The average profit observed for this promotion is $58.01, which is very close to the theoretical expected value of $58. And it is clear that the distribution is now centered further to the right than the previous promotion. The most common outcome is now for players to earn a profit of over $50. In total, 89.5% of players earn a profit, with 54.1% profiting more than $50, 18.4% profiting more than $100, and 3.7% profiting more than $150.

Still, 10.5% of players lose money on this promotion, which is a significant portion. The number of players losing a substantial amount is low though, with only 0.4% of players losing more than $50. But with more than 1 in 10 players losing money on this promotion, it is not clear that it should be considered too good to pass up.

## Simulation 3: 50% match up to $400

In this scenario, the player has $1,200 to play with, at a total cost to the player of $800. Therefore, the player needs win at least $800 to earn a profit. Assuming the player bets the minimum of $0.50 on each game, this gives them a total of 2,400 plays. The following histogram shows the distribution of observed profits for 1 million simulated players playing 2,400 $0.50 games of Jackpot Spectacular.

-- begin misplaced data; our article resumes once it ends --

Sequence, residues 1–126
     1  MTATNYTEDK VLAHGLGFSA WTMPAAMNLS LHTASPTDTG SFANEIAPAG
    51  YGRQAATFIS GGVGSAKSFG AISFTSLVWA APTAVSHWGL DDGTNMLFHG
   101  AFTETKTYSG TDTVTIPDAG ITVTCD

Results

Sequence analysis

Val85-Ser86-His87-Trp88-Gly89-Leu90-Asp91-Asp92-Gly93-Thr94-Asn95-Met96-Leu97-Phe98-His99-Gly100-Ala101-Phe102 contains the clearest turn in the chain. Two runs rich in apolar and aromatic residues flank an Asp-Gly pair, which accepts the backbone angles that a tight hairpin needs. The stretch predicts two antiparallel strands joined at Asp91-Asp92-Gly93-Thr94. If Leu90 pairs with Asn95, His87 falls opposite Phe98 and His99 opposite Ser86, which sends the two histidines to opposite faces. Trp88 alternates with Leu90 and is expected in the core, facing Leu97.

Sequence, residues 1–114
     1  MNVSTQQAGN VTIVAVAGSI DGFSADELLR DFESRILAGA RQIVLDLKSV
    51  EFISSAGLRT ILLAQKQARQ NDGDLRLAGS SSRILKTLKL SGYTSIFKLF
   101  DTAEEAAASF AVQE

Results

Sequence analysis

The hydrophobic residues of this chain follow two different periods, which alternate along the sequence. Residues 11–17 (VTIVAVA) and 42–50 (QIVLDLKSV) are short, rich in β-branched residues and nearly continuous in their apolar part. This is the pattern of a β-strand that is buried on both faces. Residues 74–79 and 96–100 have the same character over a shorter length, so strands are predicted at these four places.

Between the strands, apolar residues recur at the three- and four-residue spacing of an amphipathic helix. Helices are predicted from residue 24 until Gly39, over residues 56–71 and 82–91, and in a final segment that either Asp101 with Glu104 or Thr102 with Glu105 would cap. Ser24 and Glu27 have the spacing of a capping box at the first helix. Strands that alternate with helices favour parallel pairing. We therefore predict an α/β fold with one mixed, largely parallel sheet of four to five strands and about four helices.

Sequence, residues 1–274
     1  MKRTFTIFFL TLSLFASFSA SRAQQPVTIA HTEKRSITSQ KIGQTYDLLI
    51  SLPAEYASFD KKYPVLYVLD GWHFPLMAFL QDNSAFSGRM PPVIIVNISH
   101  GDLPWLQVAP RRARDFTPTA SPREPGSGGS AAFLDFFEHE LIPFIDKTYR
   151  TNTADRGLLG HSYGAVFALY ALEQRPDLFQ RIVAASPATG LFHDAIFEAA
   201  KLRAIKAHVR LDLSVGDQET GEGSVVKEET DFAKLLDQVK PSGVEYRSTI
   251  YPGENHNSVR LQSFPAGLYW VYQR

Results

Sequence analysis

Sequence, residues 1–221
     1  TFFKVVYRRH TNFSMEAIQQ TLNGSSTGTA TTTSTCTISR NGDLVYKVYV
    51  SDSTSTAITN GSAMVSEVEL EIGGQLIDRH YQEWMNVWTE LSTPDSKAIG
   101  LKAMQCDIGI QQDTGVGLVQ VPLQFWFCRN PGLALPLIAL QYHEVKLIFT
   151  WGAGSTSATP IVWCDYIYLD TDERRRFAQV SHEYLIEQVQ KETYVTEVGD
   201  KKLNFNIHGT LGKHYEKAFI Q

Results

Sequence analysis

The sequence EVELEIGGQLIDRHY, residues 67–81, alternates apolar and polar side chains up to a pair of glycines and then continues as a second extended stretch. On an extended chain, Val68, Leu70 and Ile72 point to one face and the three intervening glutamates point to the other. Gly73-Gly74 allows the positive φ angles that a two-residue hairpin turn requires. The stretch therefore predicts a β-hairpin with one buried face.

If ever there was a deal worth taking, this is it. The distribution of profits is centered well to the right of 0. The average profit earned is $231.99 (which is very close to the theoretical expected value of $232). More than 99.5% of players earn a profit, with more than half of players earning a profit greater than $228. 92% of players earn profits greater than $100, 23.1% earn profits greater than $300, and 4.6% earn profits greater than $400.

Players now have less than a 0.5% chance of losing money, with only a .06% chance of losing more than $50 (although one of the 1 million simulated players managed to lose $153.10). Indeed, players have a greater chance of profiting more than $500 (0.6%) than they do of losing any amount of money (0.5%). This demonstrates the extent to which increasing the number of draws reduces the variance and lowers risk. While a single 50% deposit match of up to $100 (Simulation 2) still gives a more than 1 in 10 chance of losing money, by combining all four of the 50% deposit matches offered by the Lottery a player is able to give themselves a greater than 99.5% chance of earning a profit.

While nothing is ever guaranteed and there is always some amount of risk involved, combining the four 50% match promotions offered by the Lottery may indeed meet the threshold of what should be considered a deal "too good to pass up."